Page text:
The outer edges of the device also bring the same premium aluminum frame and it feels just as good. It gives the device the premium feel it needs and rounds out the awesome construction of the phone. Overall, the hardware on the Moto X Pure Edition is nothing short of stellar. The design is familiar, but it’s just as good looking and practical as ever.

The metal frame around the Moto X Pure Edition provides a very premium feel.

The metal frame around the Moto X Pure Edition provides a very premium feel.

MicroSD Card Support

Since this is a first for a Moto X, I felt it deserved it’s own section. The Moto X Pure Edition is the first Moto X with support for microSD cards. You can simply insert a card of up to 128GB to expand the storage on your phone. To access that SD card, pop out the SIM tray and flip it over. Not only am I happy Motorola included this option, but I’m also impressed at the clever implementation. Kudos Moto.


Aside from the size, how’s the screen on the new Moto X? It’s great. Upgrading from a 1080p panel to Quad-HD is definitely noticeable and the new display is also much brighter, but to do this Motorola gave up the AMOLED screens of years past. While that’s not necessarily a bad thing, it does mean that colors aren’t quite as good as they could be and that Moto Display isn’t quite as cool. Don’t get me wrong, the new IPS panel is awesome, but I would have preferred another AMOLED display.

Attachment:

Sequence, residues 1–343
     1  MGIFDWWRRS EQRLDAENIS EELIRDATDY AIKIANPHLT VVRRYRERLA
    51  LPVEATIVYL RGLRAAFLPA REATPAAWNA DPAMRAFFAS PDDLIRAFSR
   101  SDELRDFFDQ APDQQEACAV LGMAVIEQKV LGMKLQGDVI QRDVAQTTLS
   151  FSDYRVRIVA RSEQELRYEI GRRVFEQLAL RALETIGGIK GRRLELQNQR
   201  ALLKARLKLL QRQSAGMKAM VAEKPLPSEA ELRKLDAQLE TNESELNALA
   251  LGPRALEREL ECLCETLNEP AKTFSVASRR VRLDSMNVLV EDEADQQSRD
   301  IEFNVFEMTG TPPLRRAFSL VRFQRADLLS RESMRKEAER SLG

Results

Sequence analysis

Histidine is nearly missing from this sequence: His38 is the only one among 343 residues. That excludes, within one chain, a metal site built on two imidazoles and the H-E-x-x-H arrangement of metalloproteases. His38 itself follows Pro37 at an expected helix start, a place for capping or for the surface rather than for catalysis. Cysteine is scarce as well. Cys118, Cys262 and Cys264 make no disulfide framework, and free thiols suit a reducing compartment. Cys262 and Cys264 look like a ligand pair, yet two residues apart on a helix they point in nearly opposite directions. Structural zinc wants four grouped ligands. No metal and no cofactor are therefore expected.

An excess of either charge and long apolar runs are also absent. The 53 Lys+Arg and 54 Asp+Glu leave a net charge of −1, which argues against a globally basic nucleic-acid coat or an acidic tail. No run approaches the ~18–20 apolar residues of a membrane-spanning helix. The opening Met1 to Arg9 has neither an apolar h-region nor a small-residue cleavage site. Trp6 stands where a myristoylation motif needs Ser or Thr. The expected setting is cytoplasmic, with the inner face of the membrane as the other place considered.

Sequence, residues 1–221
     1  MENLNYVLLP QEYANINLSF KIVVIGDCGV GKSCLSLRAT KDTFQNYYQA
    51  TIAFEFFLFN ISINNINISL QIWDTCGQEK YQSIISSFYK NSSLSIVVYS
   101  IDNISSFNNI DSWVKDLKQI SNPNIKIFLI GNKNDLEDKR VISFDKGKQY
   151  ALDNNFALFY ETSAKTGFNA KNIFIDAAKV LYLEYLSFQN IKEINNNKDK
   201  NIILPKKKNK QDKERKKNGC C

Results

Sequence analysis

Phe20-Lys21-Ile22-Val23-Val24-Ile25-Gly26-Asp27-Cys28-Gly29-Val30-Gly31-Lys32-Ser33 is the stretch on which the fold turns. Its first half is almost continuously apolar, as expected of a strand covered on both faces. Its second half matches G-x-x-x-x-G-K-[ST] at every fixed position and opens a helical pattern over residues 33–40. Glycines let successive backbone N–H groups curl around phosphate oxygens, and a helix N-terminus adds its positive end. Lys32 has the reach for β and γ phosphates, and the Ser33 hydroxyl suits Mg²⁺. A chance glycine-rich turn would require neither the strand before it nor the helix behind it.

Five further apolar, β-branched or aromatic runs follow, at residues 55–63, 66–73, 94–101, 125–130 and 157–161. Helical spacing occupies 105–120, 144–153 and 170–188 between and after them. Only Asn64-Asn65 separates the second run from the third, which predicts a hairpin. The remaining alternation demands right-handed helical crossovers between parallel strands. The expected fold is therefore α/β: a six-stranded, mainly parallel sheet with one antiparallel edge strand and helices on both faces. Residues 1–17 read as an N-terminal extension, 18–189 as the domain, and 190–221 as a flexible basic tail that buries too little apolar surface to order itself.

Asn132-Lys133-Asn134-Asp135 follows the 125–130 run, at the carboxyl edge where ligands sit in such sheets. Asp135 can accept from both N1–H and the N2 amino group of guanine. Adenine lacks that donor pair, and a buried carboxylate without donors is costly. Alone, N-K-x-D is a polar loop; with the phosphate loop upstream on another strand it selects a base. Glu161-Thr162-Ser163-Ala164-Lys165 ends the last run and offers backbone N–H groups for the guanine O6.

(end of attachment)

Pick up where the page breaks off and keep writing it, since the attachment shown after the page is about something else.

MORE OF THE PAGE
The 5.7" IPS panel on the Moto X Pure Edition is great, but I would have preferred another AMOLED.

Software & Performance

Out of the box the Moto X Pure Edition runs Android 5.1.1 with Motorola’s few customizations. Things are just like they’ve always been this year, Motorola keeps things as pure as they can and what they do add only enhances the experience. This year, there’s a handful of options in the Moto suite. Moto Display, Moto Voice, Moto Assist, and Moto Actions. Sound familar? Yeah, that’s probably because this is the exact same setup from the 2014 Moto X. Don’t me wrong, that’s not a bad thing, but I would have liked to see some big new addition.